Communist Party still at heart of China's state firm reform plans: regulator

SHANGHAI (Reuters) - China will continue to “deepen” reform of state-owned enterprises (SOE) and experiment with new ownership structures, but strengthening ruling Communist Party leadership remains the guiding principle, the head of the state asset regulator said.

FILE PHOTO: The director of China's state assets regulator Xiao Yaqing speaks to the media after his news conference during the ongoing National People's Congress (NPC), China's parliament, in Beijing, China March 9, 2017. REUTERS/Jason Lee

Imposing party discipline on state firms remains a key part of China’s goals in its effort to fight graft, “upgrade” domestic industry and dominate overseas markets, Xiao Yaqing, chairman of the State-Owned Asset Supervision and Administration Commission (SASAC), said in remarks published late on Tuesday.

Xiao said the reforms were part of efforts to build a new “socialism with Chinese characteristics” as well as other strategies set out by President Xi Jinping during the twice-a-decade Communist Party congress last month.

“The state-owned firm is an important force to promote national modernization and safeguard public interests, and an important material and political foundation for the development of party and state affairs,” Xiao said.

China’s total state-owned assets, excluding the financial and cultural sectors, had reached 154.9 trillion yuan ($23.35 trillion) by the end of last year, up 73.1 percent from 2012, Xiao said.

But despite major breakthroughs in industries such as space flight or high-speed rail, state enterprises still suffer from “imbalances” and structural flaws, and must create management systems and market mechanisms better suited to China’s new needs.

He said China would continue to streamline and “upgrade” state firms while promoting restructuring and mergers, besides developing strategic sectors, curbing overcapacity and tackling “zombie enterprises”.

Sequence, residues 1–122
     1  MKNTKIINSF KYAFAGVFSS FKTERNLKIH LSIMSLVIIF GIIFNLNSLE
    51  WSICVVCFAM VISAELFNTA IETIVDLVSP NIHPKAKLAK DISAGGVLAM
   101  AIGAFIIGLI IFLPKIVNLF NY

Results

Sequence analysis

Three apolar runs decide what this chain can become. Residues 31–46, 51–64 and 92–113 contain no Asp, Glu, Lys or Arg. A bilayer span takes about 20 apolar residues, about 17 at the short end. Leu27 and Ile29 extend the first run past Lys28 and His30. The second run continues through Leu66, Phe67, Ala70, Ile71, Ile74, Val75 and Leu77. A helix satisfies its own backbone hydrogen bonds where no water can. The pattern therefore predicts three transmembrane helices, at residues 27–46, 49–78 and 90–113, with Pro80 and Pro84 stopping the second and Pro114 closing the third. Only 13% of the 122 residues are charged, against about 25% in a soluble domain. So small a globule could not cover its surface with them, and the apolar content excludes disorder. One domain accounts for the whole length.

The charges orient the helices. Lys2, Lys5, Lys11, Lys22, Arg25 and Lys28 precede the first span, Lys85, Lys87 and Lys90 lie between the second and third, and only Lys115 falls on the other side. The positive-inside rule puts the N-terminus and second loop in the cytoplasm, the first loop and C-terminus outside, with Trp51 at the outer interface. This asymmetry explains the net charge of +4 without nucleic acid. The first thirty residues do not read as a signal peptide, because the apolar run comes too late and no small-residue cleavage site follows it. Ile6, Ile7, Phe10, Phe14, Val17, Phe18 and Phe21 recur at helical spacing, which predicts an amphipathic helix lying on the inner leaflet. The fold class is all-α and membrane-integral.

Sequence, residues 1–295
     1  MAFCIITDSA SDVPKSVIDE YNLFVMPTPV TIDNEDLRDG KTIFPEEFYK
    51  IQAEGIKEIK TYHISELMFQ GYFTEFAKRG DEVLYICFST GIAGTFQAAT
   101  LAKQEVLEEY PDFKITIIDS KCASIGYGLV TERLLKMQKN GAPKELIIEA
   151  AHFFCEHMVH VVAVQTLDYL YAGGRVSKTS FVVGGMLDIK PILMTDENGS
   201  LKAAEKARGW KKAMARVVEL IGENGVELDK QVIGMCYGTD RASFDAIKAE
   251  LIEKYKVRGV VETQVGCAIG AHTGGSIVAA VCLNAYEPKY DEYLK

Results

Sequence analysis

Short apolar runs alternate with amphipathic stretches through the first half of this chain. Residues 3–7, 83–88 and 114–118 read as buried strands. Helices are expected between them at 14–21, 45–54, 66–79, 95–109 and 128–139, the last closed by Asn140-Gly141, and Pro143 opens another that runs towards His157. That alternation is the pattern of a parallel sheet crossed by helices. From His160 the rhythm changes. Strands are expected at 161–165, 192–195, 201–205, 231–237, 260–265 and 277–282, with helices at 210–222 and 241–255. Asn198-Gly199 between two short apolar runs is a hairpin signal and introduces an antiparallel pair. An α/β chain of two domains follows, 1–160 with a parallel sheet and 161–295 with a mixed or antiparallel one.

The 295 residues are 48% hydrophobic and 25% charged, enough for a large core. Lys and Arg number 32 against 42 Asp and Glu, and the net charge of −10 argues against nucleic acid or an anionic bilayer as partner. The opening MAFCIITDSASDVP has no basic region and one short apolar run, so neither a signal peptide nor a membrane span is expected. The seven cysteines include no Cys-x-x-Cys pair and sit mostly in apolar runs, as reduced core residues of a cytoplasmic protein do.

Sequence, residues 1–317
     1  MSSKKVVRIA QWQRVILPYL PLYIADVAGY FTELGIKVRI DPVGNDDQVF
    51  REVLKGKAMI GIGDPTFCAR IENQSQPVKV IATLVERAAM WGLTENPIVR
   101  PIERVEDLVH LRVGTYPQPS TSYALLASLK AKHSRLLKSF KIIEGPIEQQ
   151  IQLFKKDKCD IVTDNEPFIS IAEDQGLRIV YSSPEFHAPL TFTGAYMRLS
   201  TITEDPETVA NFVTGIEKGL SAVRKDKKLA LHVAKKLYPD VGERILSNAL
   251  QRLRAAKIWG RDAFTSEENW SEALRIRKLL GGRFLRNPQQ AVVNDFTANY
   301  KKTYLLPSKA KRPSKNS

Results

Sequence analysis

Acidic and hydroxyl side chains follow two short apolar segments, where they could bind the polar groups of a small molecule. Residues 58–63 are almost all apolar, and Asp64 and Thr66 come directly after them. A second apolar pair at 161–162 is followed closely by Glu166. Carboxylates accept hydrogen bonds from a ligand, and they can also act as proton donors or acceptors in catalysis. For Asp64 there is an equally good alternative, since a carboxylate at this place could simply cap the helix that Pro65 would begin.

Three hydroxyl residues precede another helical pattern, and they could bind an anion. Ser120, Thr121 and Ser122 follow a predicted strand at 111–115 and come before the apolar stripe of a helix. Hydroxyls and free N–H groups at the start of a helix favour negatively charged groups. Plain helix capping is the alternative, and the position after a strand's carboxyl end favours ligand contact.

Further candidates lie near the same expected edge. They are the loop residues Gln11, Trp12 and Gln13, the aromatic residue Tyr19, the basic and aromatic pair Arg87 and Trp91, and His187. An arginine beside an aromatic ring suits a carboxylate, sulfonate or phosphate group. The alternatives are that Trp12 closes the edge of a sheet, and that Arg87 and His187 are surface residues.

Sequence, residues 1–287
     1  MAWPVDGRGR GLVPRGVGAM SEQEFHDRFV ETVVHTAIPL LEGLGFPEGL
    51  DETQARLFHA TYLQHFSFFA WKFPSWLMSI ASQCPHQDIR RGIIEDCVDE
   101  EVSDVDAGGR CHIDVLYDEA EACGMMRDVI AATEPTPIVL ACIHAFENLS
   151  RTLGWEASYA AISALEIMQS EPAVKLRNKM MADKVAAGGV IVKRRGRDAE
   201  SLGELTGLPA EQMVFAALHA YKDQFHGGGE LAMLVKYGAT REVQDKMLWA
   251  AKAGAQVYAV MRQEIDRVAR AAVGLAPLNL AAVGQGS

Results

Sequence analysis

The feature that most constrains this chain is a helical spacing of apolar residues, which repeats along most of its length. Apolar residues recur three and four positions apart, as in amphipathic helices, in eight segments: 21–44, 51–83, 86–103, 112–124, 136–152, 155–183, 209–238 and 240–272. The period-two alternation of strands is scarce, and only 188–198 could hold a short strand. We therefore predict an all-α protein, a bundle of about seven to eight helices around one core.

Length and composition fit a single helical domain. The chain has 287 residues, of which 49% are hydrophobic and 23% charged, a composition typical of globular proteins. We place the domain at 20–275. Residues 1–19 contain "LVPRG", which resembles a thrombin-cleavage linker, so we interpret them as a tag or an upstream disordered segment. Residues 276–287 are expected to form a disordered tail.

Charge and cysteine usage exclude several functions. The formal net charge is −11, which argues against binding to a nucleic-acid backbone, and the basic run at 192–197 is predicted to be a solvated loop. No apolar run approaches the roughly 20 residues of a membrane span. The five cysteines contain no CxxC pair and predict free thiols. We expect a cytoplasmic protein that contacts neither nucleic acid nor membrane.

China kicked off reforms of state firms in a bid to rescue the crisis-hit sector by using market forces to revive lumbering and debt-ridden industrial giants.

When China published a ground-breaking reform document in September 2015, state media focused on pledges to develop “independent market entities that operate, take on profits, losses and risks and make decisions themselves”.

But while lip service is still being paid to market forces, “party building” and “strengthening party leadership” now dominate government and company rhetoric, with the state seeking to ensure corporate decision-making aligns with national goals.

Party building’s primary task is to ensure the whole party “obeys the Central Committee” decision-making body and “strictly observes its political discipline and rules”, Xi said in his work report to the October party congress.

“SOE reform after the 19th Party Congress will remain focused on consolidating both state-owned assets and Party authority,” said Wendy Leutert, a researcher on Chinese state-owned firms at the University of Pennsylvania’s Center for the Study of Contemporary China.

With China aiming to use its state-owned firms to pursue international goals, overseas multinational corporations could be at a severe disadvantage, said Jude Blanchette, who studies the party and business at the Conference Board’s China Center for Economics and Business in Beijing.

“The party demands that SOEs directly serve national goals, such as securing natural resources and acquiring technology, and they are willing to go to extraordinary lengths to achieve their objectives,” he said.

Reporting by David Stanway in SHANGHAI and Matthew Miller and Michael Martina in BEIJING; Editing by Clarence Fernandez